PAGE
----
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Cambridge Interfaith Programme

 
Book cover featuring monochrome image of a cat-like beast teeth gnashing and tail thrashing.

Is commitment to God compatible with modern citizenship? 

Dr Daniel Weiss takes on this question with philosophers Moses Mendelssohn, Hermann Cohen, Franz Rosenzweig and Walter Benjamin. Re-reading these thinkers alongside classical rabbinical responses to the violence carried out by God and people, Weiss highlights their (hitherto unperceived) radical approaches to politics and Jewishness.

About the event

Modern Jewish philosophy and the politics of divine violence (Cambridge University Press) was published in April 2023. This book launch event is held in partnership with the University of Cambridge Alumni Festival.

Discussion will be livestreamed for those at a distance. For those able to join us in Cambridge, the event will be followed by a celebratory afternoon tea at the Faculty of Divinity. 

Please register (via Eventbrite) to receive a reminder and further practical information.

About the author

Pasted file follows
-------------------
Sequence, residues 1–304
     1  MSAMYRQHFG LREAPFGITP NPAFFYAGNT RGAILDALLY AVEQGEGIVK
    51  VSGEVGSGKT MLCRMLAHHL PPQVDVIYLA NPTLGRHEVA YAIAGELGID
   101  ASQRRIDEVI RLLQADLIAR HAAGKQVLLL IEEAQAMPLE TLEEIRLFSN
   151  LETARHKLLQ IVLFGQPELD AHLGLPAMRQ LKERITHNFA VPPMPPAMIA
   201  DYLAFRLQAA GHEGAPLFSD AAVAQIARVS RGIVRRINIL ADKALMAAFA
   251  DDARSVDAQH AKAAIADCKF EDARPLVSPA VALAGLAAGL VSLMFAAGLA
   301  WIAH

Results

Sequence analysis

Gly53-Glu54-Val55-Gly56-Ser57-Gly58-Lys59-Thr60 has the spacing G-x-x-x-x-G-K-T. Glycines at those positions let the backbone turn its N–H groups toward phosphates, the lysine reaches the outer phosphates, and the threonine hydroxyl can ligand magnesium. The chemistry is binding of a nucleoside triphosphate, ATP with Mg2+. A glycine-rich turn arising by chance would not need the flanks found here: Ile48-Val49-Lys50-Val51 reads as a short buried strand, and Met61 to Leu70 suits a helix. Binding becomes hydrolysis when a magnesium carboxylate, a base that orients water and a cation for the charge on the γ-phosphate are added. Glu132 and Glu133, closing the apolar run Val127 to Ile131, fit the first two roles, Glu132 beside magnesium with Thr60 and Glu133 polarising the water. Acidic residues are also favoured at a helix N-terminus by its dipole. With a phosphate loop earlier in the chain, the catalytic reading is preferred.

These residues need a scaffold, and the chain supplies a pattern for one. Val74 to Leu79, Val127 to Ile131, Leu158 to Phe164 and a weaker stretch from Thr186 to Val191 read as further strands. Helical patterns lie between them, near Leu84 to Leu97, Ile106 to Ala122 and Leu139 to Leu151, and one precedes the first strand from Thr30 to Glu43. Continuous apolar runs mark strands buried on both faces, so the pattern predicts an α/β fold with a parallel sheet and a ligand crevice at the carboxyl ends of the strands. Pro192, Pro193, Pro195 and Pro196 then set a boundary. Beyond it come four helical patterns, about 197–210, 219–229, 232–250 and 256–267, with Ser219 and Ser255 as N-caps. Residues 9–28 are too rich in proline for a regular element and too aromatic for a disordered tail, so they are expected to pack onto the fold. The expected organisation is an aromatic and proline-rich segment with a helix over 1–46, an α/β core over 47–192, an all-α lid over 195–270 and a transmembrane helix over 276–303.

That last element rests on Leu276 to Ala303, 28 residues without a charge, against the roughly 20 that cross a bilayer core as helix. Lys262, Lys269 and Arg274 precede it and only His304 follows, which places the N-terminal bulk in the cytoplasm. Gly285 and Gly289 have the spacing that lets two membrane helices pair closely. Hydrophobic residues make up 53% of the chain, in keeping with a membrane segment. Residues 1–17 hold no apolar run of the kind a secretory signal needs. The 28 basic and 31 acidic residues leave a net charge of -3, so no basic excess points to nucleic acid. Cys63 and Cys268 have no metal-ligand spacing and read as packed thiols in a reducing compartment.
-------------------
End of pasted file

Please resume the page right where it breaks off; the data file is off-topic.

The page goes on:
Daniel H. Weiss is Polonsky-Coexist Senior Lecturer in Jewish Studies at the Faculty of Divinity and Fellow and Graduate Tutor at Darwin College. He joined the University of Cambridge in 2010, and has been active as both participant and organiser of events and research under the auspices of the Cambridge Interfaith Programme. He is co-lead of the Scripture and Violence Project (scriptureandviolence.org), and a co-investigator on the Templeton-funded project God and Human Speech.

Read Weiss's academic biography and view a list of key publications on the Faculty of Divinity web pages

About the book

Modern Jewish philosophy and the politics of divine violence brings to light striking political aspects of the writings of the modern Jewish philosophers, who have often been understood as non-political. In addition, Weiss shows how the four modern thinkers are more radical and more shaped by Jewish tradition than has previously been thought. Taken as a whole, Weiss' book argues for a fundamental rethinking of the relationship between Judaism and politics, the history of Jewish thought, and the ethical and political dynamics of the broader Western philosophical tradition.

Visit the Cambridge University Press for further information and purchasing options.

Date: 
Friday, 22 September, 2023 - 14:00 to 15:30
Contact email: 
Event location: 
Faculty of Divinity, Cambridge (also livestreamed)

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